Heroes, Anti-Heroes, And King Lear Fiction Part II

Posted: March 21, 2012 in Inkspots, Musings
Tags: , , , , ,

Let me begin this part, by first defining the roles of  the Hero, the  Reluctant Hero/Unlikely Hero, and  the Anti-Hero. I think part of the problem we Scribes were having talking about this topic is  that there some confusion between an anti-hero and a reluctant hero. Hopefully this will help  to clarify before we go any further.

The Hero:

In Greek literature, a Hero was a character who was “dead” for only the dead could carry out the impossible. Some characters were literally dead, others went through the realm of the dead to get a talisman that gave them super(or above) human strength.  They were either demigods or beloved of the gods for the most part, though most at this point had a fatal weakness. This vanished from their character roughly in the time of the Middle Ages in Europe and the Hero became more what we see and understand them to be today when he entered the realm of the faerie tale.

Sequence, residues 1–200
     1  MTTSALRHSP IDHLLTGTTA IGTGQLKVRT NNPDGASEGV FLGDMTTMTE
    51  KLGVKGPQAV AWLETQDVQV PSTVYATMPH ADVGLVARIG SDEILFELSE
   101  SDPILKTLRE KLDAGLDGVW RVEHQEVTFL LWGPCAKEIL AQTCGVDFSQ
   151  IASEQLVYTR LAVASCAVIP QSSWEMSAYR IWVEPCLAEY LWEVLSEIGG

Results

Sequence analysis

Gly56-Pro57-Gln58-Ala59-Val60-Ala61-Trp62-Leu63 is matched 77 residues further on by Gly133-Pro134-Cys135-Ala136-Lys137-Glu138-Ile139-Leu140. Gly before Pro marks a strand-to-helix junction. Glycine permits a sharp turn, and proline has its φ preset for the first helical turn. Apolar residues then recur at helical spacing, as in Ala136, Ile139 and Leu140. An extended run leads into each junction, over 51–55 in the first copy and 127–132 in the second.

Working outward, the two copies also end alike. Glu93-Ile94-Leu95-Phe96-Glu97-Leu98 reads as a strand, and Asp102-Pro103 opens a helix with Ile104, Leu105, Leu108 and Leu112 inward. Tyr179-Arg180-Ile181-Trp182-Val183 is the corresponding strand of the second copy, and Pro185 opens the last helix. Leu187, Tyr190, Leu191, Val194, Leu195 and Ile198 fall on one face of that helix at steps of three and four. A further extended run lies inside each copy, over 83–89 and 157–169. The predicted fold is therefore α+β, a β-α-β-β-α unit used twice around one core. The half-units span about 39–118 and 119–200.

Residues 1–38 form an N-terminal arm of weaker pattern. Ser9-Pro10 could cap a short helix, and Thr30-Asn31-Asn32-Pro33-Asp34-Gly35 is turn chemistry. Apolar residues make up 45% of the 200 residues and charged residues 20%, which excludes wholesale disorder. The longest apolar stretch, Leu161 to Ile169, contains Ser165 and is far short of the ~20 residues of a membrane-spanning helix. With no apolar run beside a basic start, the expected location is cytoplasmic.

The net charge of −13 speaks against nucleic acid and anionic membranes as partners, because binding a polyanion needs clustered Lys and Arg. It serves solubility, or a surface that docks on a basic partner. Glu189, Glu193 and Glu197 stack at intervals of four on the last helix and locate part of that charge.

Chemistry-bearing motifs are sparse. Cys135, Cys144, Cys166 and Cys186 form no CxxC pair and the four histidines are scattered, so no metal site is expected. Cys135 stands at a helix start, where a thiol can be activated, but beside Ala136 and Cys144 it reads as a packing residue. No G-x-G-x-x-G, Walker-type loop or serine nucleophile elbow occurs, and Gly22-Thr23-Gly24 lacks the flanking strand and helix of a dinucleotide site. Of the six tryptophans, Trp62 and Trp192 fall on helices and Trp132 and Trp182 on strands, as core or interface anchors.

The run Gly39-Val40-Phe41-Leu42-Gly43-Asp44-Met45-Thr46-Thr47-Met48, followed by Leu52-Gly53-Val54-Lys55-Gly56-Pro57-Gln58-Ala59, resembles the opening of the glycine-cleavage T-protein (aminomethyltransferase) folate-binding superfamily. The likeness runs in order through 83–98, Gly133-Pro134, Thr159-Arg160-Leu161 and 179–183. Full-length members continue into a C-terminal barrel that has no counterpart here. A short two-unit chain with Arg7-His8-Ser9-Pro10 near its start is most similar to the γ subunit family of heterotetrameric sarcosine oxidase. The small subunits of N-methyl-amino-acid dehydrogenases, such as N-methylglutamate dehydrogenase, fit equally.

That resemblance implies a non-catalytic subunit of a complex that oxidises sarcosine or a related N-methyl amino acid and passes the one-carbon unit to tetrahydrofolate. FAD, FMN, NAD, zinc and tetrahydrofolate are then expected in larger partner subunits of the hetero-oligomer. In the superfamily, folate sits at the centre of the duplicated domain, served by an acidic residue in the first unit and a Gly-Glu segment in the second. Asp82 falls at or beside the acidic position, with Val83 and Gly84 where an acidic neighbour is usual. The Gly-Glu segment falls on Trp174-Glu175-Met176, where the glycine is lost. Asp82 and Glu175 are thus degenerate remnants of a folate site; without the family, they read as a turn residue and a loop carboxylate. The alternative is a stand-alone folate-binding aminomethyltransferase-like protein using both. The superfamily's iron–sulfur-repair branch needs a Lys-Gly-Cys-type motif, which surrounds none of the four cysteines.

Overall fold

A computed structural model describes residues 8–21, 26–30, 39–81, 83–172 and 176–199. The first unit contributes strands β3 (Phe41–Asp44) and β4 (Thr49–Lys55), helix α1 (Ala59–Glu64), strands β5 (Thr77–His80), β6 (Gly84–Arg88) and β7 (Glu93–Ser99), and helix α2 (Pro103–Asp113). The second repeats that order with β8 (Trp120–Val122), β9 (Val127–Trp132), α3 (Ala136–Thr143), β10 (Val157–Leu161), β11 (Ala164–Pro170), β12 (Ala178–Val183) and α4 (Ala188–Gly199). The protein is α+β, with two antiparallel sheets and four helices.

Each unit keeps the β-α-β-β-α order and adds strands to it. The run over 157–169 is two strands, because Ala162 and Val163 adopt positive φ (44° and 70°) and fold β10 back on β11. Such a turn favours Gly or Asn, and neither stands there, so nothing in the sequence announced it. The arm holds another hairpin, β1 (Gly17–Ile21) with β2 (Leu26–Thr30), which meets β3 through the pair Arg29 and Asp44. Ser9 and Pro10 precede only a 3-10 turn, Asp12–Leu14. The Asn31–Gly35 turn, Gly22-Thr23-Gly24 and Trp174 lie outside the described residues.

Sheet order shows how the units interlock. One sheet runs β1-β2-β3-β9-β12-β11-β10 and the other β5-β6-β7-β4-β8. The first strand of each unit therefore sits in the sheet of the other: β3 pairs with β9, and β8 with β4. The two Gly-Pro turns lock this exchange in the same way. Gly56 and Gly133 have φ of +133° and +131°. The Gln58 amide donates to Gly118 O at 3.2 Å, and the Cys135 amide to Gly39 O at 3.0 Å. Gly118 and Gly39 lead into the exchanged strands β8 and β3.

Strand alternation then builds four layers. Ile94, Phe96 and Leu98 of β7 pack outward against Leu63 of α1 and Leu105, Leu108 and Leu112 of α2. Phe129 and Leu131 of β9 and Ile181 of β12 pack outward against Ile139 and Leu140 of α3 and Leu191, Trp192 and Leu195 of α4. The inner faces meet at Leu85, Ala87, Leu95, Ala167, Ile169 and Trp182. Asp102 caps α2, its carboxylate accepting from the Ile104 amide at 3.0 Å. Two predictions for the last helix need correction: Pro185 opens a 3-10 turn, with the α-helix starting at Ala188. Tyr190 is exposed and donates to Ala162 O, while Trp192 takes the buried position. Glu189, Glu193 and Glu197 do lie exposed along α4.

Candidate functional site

Traditionally, Heroes are more handsome, stronger, and more noble than the “everyman” hearing or reading the tale. In faerie tales as well as pulp fiction and early comic books, the hero is the one that upholds the moral absolute and is able to over come the villain(s) and obstacles in his path through despite the handicap of not being able to “sink to their level”.

Characters like this today are referred to rather disparagingly as “white hats”  because  of the high moral standard they keep and the righteous way that they move throughout the story are seemingly unattainable by the reader.  A look back through fiction and history shows this is nothing new, heroes have always been above and a challenge to, the everyman reading the story. They have either no flaws, or very small flaws, and often are seen as a two-dimensional version of the Reluctant or Unlikely Hero.